5.1 Release: New Graph Type, Better Publishing, Performance Improvements & Capabilities To Share Public Data
We're burning the midnight oil getting our website updated tonight (last night by the time you read this). That's because we've got a great new release for you, Tableau 5.1, that is loaded with ingenious features. For all the details, see our "New Features" web page.
Probably the most exciting new capability is the ability for Tableau 5.1 desktop versions to save your public data to the web for embedding in your blog and website -- all for free. The service is called "Tableau Public" and we hope you'll see Tableau visualizations popping up in your favorite blogs and websites.
We're excited about these capabilities to publish public data (or data you want to make public) to the web. People at Tableau are big believers in helping people answer questions more easily with data by making it more visual and more interactive. Instead of viewing static charts or tables, people reading a blog or website can interact with data and answer their own questions. It's a way a blogger or writer can give their readers exactly the content they want. If you want, you can even embed someone else's Tableau Public viz in your own blog or website. Or you can pull down the workbook file and create your own viz.
During our beta, we saw some great examples of people publishing their public data to the web:
- UNESCO is carrying interactive visualizations on deprivation and marginalization in education for dozens of countries.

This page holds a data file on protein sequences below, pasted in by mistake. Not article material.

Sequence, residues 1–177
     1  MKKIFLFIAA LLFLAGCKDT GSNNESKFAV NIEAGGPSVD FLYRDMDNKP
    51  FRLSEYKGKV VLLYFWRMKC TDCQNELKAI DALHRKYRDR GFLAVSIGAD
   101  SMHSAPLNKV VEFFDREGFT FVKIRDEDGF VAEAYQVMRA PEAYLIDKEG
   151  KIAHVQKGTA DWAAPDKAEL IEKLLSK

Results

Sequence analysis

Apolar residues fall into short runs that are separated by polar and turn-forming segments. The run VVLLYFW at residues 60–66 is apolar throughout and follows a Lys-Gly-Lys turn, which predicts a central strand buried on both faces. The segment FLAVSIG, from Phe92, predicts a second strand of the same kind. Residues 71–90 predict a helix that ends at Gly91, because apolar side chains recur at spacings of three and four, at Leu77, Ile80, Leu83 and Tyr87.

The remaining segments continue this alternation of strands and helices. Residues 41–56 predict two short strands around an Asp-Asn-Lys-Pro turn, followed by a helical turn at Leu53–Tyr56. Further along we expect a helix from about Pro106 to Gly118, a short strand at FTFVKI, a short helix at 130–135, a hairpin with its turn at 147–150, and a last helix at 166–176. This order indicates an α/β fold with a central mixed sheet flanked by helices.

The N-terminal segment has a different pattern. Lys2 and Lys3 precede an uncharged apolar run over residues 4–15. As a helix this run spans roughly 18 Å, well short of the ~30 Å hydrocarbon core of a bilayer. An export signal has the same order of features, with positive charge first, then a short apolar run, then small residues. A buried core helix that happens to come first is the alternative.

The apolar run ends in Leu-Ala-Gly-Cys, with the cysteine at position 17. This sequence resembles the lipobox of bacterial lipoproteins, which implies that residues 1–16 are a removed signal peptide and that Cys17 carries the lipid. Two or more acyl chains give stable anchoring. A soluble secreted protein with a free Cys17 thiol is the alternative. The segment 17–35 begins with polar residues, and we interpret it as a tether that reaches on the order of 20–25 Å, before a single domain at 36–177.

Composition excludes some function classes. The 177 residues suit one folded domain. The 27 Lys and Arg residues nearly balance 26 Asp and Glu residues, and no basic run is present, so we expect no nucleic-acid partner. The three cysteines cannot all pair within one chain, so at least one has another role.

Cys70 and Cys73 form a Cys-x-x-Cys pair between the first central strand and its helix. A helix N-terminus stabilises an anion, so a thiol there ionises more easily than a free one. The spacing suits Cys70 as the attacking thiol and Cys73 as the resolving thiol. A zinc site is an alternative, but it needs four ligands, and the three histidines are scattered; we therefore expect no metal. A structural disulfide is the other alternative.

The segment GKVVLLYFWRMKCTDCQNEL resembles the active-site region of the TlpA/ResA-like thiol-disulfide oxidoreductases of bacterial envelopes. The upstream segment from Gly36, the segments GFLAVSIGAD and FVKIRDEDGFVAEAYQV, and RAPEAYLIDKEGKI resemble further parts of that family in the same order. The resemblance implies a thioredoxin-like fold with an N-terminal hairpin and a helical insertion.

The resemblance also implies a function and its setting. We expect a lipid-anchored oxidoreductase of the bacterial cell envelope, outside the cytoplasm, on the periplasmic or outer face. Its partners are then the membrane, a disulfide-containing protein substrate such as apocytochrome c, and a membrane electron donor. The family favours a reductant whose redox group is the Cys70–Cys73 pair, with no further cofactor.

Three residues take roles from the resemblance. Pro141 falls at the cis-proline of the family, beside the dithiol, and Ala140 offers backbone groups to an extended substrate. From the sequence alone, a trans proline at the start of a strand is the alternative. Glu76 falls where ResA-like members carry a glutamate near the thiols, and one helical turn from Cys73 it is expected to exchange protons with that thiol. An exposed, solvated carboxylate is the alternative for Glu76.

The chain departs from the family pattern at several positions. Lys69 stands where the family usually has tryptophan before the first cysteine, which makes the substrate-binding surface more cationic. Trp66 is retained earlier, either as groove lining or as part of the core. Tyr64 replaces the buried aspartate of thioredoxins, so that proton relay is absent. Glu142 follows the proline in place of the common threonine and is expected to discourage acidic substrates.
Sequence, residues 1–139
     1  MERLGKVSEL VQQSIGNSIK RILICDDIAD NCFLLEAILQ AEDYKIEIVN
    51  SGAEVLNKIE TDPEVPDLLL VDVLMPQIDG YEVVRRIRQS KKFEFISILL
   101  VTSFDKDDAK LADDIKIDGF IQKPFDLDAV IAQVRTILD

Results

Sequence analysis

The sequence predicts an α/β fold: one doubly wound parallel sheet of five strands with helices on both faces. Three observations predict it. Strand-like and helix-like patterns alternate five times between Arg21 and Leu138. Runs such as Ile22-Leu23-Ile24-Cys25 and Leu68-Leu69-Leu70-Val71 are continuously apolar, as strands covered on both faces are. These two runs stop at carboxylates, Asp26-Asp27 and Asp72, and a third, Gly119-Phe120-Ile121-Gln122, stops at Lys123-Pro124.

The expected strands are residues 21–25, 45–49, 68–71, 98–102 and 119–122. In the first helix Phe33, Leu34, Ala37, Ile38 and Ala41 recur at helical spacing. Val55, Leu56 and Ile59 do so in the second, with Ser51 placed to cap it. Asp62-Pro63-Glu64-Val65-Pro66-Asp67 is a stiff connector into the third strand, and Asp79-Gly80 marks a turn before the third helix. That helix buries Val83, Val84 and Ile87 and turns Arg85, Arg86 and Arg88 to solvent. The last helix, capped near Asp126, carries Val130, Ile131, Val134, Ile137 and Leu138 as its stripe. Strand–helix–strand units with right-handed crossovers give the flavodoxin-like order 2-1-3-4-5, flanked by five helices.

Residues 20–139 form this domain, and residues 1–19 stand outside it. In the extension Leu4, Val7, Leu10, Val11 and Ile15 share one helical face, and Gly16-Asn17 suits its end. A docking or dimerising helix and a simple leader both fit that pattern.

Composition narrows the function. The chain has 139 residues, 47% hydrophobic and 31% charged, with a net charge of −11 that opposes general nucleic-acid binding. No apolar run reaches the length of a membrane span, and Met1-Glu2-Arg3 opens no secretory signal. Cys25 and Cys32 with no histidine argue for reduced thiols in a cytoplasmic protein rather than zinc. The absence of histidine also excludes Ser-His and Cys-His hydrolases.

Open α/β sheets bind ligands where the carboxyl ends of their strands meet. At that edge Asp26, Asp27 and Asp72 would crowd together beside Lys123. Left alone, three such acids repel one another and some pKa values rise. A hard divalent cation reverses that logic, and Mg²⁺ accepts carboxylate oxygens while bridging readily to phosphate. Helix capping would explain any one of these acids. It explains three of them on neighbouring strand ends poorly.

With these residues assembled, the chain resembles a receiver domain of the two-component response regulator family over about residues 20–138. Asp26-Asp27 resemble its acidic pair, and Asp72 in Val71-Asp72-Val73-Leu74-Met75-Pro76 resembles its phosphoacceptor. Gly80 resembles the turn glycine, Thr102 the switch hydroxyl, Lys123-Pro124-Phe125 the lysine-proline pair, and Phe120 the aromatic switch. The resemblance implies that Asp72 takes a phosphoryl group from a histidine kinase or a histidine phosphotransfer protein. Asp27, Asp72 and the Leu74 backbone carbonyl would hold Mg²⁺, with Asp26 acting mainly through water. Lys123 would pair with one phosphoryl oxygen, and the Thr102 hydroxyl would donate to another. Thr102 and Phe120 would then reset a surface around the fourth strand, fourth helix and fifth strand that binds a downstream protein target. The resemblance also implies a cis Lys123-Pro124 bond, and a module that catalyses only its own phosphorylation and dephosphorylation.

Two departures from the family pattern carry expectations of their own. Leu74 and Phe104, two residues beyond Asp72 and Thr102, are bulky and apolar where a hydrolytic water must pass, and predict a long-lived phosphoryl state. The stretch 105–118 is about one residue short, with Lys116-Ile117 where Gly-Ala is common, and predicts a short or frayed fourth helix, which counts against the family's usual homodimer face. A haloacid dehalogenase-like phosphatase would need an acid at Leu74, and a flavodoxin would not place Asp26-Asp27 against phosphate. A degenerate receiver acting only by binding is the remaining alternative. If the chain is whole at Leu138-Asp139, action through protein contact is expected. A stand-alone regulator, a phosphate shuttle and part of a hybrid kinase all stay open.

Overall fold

- OECD showed the worldwide picture of labor force indicators by gender and age.
- The Pan American Health Organization (PAHO) has made the Haiti earthquake disaster more understandable by visualizing healthcare points of service.
- Seattle Bubble blogs about the housing market in Seattle.
- Stephen Few wrote an article about Information Visualization, Design, and the Arts and created this Tableau dashboard as an example. I've embedded this one below.
Other great features of this release include
- Bullet graphs - a graph type invented by Stephen Few and designed for performance monitoring. In fact, Stephen recorded a special video at our request to tell you more about bullet graphs.
- Reference bands and extensions of reference lines - new reference band and line capabilities let you draw attention to key data points like never before.
- Rich formatting - format annotations, titles, tool tips, etc. with rich text formatting. Change the font, size, style, color and alignment.
- Reduced bottlenecks in Tableau Server - a number of performance improvements have been made all across the application including the initial loading of a view, materialized calculations, groups and bins on extracts, and an overall more efficient use of caching.
- New Tableau Server interface - a new interface makes it easier to use and to find views.
- Windows 7 support and more - we're officially supporting Windows 7, Teradata users and Essbase users will find improvements for those data sources, and built-in error reporting so we can learn about issues earlier and more easily.